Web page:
Flutter vs. React Native 2013 What to Choose in 2020?
First, let cover the basic (yet essential) details about Flutter and React Native.
What is Flutter?
- Flutter is a portable UI toolkit. In other words, it is a comprehensive app Software Development Kit (SDK), complete with widgets and tools.
- Flutter enables cross-platform app development. It gives developers an easy way to build and deploy visually attractive, natively-compiled applications for mobile (iOS, Android), web, and desktop 2013 all using a single codebase (source: official Flutter website).
What is React Native?
React Native is an effective framework for:
- Cross-platform development
- Developing applications for both Android and iOS using a single codebase
- Using the same design as React
When to choose Flutter?
2. Your app does not depend too heavily on the platform: If you want to create AR/VR, then you are all probably be better off with native. Do you only want Internet access, Bluetooth, or something like that? I had said you are set!
3. You do not care much about platform UI: You are making a beautiful custom UI with pretty and smooth animations? Go Flutter! Performance is great, and they are going to look the same anywhere you launch. It is possible to maintain two UIs that feel the iOS or Android, but it is not the point of this framework (of course I do not mean things like the position of the navigation bar since it is super easy to write it once and have it change position depending on the platform).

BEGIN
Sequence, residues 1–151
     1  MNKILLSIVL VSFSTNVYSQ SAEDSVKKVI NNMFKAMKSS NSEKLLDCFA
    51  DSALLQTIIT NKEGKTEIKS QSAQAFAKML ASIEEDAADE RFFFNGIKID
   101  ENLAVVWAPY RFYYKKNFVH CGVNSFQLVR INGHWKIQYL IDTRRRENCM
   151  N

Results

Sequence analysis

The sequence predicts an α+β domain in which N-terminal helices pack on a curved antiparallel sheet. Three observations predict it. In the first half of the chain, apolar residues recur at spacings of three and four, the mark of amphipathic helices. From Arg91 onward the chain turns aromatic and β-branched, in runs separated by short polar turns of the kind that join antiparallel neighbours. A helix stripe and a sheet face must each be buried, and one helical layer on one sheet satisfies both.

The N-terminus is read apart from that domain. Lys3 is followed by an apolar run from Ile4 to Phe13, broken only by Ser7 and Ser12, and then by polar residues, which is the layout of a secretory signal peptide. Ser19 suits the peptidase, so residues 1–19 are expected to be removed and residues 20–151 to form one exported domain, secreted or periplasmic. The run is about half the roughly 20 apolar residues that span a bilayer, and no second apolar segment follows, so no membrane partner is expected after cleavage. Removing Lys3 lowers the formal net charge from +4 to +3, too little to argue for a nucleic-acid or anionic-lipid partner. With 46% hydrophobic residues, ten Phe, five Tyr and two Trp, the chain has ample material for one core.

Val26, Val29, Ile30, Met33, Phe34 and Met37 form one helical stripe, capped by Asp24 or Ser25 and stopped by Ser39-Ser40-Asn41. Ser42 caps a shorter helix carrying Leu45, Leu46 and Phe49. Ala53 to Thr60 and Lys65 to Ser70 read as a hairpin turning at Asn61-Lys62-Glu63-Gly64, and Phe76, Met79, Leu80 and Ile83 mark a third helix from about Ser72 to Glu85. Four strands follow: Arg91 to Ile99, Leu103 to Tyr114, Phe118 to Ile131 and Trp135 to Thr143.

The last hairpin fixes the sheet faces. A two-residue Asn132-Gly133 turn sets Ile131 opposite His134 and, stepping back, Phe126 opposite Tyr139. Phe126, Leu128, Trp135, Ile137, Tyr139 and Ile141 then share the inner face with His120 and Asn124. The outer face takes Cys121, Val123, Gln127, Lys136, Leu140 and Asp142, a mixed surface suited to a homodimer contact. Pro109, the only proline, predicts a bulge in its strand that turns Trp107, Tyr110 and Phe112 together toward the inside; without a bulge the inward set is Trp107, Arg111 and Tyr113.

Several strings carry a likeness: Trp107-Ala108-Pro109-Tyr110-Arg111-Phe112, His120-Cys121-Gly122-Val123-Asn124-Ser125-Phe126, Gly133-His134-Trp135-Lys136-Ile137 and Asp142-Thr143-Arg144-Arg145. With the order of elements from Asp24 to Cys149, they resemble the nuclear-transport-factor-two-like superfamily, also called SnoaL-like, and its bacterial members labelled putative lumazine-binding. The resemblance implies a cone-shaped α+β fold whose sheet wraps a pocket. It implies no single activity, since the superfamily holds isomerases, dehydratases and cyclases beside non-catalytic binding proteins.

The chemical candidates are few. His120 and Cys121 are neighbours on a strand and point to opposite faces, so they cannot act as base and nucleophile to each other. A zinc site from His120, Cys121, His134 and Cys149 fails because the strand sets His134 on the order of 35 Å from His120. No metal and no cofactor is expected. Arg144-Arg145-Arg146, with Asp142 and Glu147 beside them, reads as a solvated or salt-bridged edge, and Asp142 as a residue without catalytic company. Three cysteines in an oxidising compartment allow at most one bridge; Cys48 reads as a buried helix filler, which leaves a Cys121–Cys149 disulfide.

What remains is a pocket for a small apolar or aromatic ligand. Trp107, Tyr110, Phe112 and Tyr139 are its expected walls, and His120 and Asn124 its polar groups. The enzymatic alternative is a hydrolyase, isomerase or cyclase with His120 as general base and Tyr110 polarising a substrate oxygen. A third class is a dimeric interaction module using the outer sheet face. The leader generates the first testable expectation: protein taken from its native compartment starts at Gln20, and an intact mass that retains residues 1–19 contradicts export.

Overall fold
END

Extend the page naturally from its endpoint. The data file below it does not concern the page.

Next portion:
4. You want to save money, but performance matters: Let face it: you are thinking about cross-platform because it saves money shared logic, smaller team for the same scope. Flutter has a web spin-off called Hummingbird that lets you create web apps, but I have neither used it nor researched it is just letting you know it is there.
When to choose to React Native?
1. You already have a strong web team: Chances are your Front End and Full Stack developers already know to React, and they are pretty much the same with a bit changed names of the components on the far bottom. This means that you already got someone with the necessary knowledge that can teach the rest of the team how to avoid common pitfalls, knows how to organize architecture and how to use npm/yarn and manager dependencies.
2. Your app is porting a web app: In this case, you might be better off with w Progressive Web App, but nevertheless, you could create a common module for components used on both the web app and the React Native app.
3. Your app is a content browser: If your application is not really using sensor data or the native APIs from the platforms and the only permission you require is internet access this might be the way to go. Especially if it is light on animations and you do not mind an occasional drop in the performance.
4. Your app is not processing a lot of data: Any I/O operation you want to do has to pass through the bridge. If you are planning to make a lot of round trips, you should look elsewhere, but if that is not the main feature of your application, you are good to go!
So this was the comparison of two of the strongest cross-platform mobile app development frameworks i.e., React Native and Flutter frameworks. We hope that the above-mentioned points will help you in choosing the right app development framework for your next app project.